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Fort Detrick Sewer Leak Raises Questions

Source: Washington Post by Brian Mooar

Contractors working at the Fort Detrick Army base near Frederick, Md., last month discovered a tiny leak in a sewer line from the laboratories where government scientists study the world’s most hazardous viruses and bacterial warfare agents.

The leak was quickly repaired and posed no threat to public health, officials said, but it raised questions about the integrity of a five-mile network of concrete-encased, cast-iron sewer lines laid nearly 45 years ago.

“The question we were asking even before the tests is: How do we know the system is any good, and do we even need the system?” said base spokesman Norm Covert. “Is it overkill? It is a fail-safe system that has done its job since 1951, and we’ve never had a public health problem as a result of the research done here at Fort Detrick.”

Mark L. Hoke, president of the Frederick County Board of Commissioners and a former commander of Fort Detrick, said he was confident that the leak was not a health risk and that the base’s procedures for disposing of infectious materials were sound.

“As far as this being a health hazard — heifer dust,” said Hoke, who worked at Detrick as a biological warfare technician in the 1950s and commanded the base from 1983 to 1986. “I’m not worried about it. In the entire history of Fort Detrick, there have been four deaths, and they were the fault of individuals doing something stupid. And one of them was my uncle.”

James Bowes, Frederick County’s top civilian public health officer, did not respond to requests for an interview Friday. His secretary said the county public health office was not investigating the leak because it is under Fort Detrick’s jurisdiction.

Like Hoke, several residents who live near Fort Detrick said they believed they had nothing to fear. “I trust them; they’ve been good neighbors,” said Joe Davis, an 83-year-old retired Boy Scout executive who has lived near the fort for two decades. “When they say there’s no danger, I believe them.”

Not everyone was so easily convinced.

“It’s scary,” said Sally Morris, 23, who moved near Fort Detrick nearly two years ago with her children, ages 2, 4 and 6. “I like {living in} Frederick. It’s nice, but when I hear that kind of stuff, I want to move further away from here.”

The leak was discovered recently in a lead-soldered joint of a 12-inch-wide pipe about 100 feet from a steam sterilization plant where waste water from 50 laboratories on the base is treated. The leak was the only one found by technicians from an Arizona testing firm after they pumped water through the pipes at a pressure of 100 pounds per square inch.

At that high pressure, Covert said, waste water leaked from the joint at a rate of about one teaspoon an hour. When in normal use, the sewer line is not pressurized and uses gravity to pull waste water to the sterilization plant, Covert said.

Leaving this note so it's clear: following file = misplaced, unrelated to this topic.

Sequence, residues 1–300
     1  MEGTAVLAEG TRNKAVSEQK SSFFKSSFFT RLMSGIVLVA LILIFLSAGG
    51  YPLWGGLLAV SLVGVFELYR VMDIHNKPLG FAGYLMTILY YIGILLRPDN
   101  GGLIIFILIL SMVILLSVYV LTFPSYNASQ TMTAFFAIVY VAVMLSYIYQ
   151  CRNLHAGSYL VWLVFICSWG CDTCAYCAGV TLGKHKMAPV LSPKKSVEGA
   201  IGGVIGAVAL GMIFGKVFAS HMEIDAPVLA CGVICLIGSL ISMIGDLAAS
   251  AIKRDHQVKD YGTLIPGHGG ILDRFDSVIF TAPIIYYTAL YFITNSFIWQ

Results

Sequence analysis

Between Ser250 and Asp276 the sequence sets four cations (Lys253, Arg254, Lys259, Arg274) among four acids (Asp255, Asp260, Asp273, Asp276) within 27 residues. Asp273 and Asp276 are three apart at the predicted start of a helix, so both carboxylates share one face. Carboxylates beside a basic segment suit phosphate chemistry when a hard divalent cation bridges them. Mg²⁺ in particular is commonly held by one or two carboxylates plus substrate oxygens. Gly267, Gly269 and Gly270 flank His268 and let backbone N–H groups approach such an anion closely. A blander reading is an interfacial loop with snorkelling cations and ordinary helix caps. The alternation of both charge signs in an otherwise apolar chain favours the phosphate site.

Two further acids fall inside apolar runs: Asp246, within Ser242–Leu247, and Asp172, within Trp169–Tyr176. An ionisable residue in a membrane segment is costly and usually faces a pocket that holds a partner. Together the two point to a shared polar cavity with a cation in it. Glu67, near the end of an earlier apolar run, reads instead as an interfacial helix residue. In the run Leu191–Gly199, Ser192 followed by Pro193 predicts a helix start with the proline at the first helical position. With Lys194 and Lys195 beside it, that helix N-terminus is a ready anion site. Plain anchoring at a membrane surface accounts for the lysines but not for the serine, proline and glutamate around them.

When the technicians pumped a marker gas through the sewage system, they found what appeared to be massive leakage in at least three spots, Covert said, but then after extensive testing, they discovered only the single pinpoint leak.

In addition to studying cancer and AIDS, laboratories at Fort Detrick handle a variety of exotic and deadly diseases, including ebola, anthrax, lassa fever, marburg, Crimean Congo hemorrhagic fever and the Machupo virus.

Fort Detrick once was home to the Army Biological Warfare Laboratories, the top-secret Cold War research center where germ and poison weapons were developed. It now houses the Army Medical Research Institute of Infectious Diseases and other leading labs.

Fort Detrick scientists study “a lot of diseases for which there is no known prevention or cure . . . because they are found in places where our soldiers may one day be called to fight,” Covert said.

According to procedures developed by the U.S. Centers for Disease Control and Prevention, waste water from the Fort Detrick labs is supposed to be boiled or chemically sterilized before entering the sewer system. But even if scientists fail to decontaminate the waste at that point, Covert said, potentially infectious organisms are in many cases highly diluted and unable to survive outside the laboratory.

Though budget-conscious officials at Detrick have debated whether they need the self-contained waste water treatment system, Covert said the base likely will keep the current pipelines or build a series of in-lab treatment facilities to keep Detrick’s civilian neighbors comfortable. “They’re so bloody safety conscious it’s unbelievable,” Hoke said. “Everything that was built out there has so many backup systems and is so redundant, it’s to the point where they’re backed up way over 100 percent.”